Colleges will be able to directly recruit full-time 14 to 16-year-olds for the first time from the start of the next academic year.

Earlier this month, FE Week exclusively revealed that the Skills Minister Matthew Hancock had written to two members of the 14 to 16 College Implementation Group, confirming that from September colleges could have a contract to recruit full-time 14 to 16-year-olds.

His landmark decision was in a letter dated December 6 to Mike Hopkins, principal of Middlesbrough College, and Tony Medhurst, principal of Harrow College.

The Baker Dearing Trust has already been working with Southwark College, which is in effect bankrupt,”

Before Mr Hancock’s announcement, the former Tory Education Secretary, and Lord Baker criticised the then unconfirmed plan.

In an article in The Times he drew attention to the recent “devastating” annual report from Sir Michael Wilshaw, the chief inspector. He concluded that FE colleges should only be allowed to recruit at 14 if they provided premises to set up an independent college as an educational charity, supported by local employers and a university, on the model of university technical colleges (UTCs).

Thirty-two UTCs have been approved in the five years since Lord Baker developed the idea with the late Sir Ron Dearing.

He added that the eight “inadequate” colleges highlighted in Sir Michael’s report should immediately be told to provide premises to establish a UTC.

“The Baker Dearing Trust has already been working with Southwark College, which is in effect bankrupt,” he said.

“Over the next two years, 300 UTCs should be provided in this way from FE colleges — roughly the number of technical schools we had in 1945. When up and running they will be training 200,000 students. This would have all-party support and be a real achievement for the country.”

FE Week approached Lord Baker to expand on his views, but he declined to be interviewed owing to work pressures.

Mike Hopkins said the move for colleges to enrol 14-year-olds was a “major and historic step forward for young people and FE. It extends choice for students and is a major vote of confidence in the sector.”

Debbie Ribchester, the Association of Colleges’ 14 to 19 curriculum policy manager, said: “Many colleges have a long and successful history of educating 14 and 15-year-olds on a full and part-time basis. This very welcome is a vote of confidence in college provision.”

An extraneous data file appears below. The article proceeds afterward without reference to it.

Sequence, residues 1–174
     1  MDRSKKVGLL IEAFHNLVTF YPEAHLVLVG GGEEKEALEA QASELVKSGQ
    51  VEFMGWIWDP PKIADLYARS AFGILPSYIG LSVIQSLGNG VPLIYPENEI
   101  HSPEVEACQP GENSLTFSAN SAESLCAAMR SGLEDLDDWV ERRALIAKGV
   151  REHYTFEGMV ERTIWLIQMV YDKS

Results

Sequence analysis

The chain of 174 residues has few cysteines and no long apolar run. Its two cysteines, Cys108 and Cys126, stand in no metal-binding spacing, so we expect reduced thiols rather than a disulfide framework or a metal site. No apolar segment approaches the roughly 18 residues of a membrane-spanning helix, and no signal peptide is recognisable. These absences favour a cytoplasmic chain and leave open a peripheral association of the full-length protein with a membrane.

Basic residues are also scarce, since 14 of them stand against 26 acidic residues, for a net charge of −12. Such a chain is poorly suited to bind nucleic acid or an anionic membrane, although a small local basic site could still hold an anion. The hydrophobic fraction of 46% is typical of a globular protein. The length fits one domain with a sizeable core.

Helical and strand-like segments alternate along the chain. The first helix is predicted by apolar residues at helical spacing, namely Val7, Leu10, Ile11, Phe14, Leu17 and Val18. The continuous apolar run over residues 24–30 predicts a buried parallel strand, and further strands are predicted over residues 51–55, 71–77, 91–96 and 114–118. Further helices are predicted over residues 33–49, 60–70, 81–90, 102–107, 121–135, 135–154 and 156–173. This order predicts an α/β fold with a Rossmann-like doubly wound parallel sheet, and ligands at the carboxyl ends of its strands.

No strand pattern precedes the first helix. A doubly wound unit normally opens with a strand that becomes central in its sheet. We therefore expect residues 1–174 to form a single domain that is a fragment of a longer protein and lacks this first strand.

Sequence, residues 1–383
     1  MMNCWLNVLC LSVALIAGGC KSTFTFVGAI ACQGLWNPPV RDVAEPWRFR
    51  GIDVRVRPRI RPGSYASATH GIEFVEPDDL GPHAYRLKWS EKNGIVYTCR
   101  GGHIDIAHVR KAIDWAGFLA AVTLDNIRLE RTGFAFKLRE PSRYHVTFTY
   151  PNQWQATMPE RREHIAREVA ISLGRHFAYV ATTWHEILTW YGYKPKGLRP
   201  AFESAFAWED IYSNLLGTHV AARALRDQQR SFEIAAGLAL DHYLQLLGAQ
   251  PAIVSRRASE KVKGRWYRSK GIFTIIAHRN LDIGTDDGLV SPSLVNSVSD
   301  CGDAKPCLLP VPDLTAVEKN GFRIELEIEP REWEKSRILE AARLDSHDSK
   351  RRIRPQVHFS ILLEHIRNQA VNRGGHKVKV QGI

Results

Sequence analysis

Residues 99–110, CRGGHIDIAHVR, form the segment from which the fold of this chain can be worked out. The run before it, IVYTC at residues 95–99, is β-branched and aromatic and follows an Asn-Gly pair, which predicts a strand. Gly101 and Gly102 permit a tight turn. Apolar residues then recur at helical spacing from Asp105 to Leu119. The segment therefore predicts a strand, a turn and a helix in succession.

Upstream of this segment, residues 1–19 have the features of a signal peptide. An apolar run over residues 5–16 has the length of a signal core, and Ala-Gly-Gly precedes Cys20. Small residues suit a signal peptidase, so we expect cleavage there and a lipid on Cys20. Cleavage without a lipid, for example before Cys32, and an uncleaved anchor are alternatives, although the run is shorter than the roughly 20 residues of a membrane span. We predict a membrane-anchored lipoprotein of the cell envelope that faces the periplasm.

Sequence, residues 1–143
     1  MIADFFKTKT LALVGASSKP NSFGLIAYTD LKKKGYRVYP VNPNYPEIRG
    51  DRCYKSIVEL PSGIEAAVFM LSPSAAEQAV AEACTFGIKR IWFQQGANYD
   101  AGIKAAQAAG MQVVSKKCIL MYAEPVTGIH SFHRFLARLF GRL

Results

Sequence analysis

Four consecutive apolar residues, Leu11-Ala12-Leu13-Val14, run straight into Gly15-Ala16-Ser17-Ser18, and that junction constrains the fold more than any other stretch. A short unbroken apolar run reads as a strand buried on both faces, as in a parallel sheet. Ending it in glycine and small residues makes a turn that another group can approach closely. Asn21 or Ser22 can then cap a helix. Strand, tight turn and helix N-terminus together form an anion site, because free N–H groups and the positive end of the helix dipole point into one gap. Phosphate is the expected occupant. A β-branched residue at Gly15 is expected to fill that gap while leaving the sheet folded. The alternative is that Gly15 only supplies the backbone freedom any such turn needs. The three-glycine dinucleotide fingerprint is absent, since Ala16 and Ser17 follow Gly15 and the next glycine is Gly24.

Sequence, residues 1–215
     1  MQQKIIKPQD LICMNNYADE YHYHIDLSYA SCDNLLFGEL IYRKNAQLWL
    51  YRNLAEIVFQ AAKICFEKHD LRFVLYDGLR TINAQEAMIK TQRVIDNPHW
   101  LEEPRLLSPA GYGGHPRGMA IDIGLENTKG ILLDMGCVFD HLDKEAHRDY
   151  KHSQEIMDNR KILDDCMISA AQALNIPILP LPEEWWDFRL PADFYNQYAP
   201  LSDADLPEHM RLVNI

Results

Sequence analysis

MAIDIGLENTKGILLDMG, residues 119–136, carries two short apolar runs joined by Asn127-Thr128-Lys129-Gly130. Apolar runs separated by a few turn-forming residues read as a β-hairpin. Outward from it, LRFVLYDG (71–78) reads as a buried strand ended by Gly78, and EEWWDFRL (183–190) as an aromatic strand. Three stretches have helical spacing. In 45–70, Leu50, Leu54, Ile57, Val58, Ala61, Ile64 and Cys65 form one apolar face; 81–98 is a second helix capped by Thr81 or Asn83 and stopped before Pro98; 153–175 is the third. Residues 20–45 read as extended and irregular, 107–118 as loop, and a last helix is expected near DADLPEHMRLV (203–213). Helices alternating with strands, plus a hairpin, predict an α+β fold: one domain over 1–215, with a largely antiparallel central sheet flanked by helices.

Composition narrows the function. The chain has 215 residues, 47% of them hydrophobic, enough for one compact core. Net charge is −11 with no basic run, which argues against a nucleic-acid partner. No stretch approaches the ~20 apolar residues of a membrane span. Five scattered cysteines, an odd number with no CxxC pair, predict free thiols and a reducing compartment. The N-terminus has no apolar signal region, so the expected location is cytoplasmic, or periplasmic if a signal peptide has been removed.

Mike Hopkins’ expert view, page 9



Your thoughts

Leave a Reply

Your email address will not be published. Required fields are marked *

2 Comments

  1. Mike Hopkins

    This really is a fantastic decision for young people. By allowing FE Colleges to enrol 14+ year olds directly, the choice for youngsters has been significantly increased. After a distinguished career in which Lord Baker continues to make his mark, Lord Baker discredits himself by his ill informed and generalised remarks. Further education accounts for 40% of the full-time 16-18 cohort in learning, by far the largest sector. In comparison schools account for some 23%. Young people come to further education colleges because they know that they will benefit and have a better chance of progressing into great employment, apprenticeships and higher education. Further education colleges are important engines of social mobility as well as key contributors to the economy, offering students the prospect of jobs, opportunity and prosperity.

    Now that colleges have been sanctioned to recruit 14+ directly I fully expect that in the next few years we shall see a growing and significant number of students benefitting from the progressive education and training that colleges can provide. It’s a great moment!

  2. I have expressed these concerns elsewhere and with one honourable exception, no one has challenged them:

    1. Safeguarding for this cohort: this reform adds a new challenge to FE Colleges
    2. It provides schools with an excellent way of “dumping” their least able pupils on their local FE Colleges and thus protect their league table “status”
    3. Those schools with sixth forms who already actively put up barriers to their pupils accessing information about FE options (see AoC survey) won’t change their ways
    4. The whole IAG issue remains a major challenge. Choice is great, choice without guidance is foolish
    5. We need to consider whether the whole question of developing alternative pathways that commence at age 14 for all pupils, as Lord Baker has suggested, is being addressed, or sidestepped by this proposal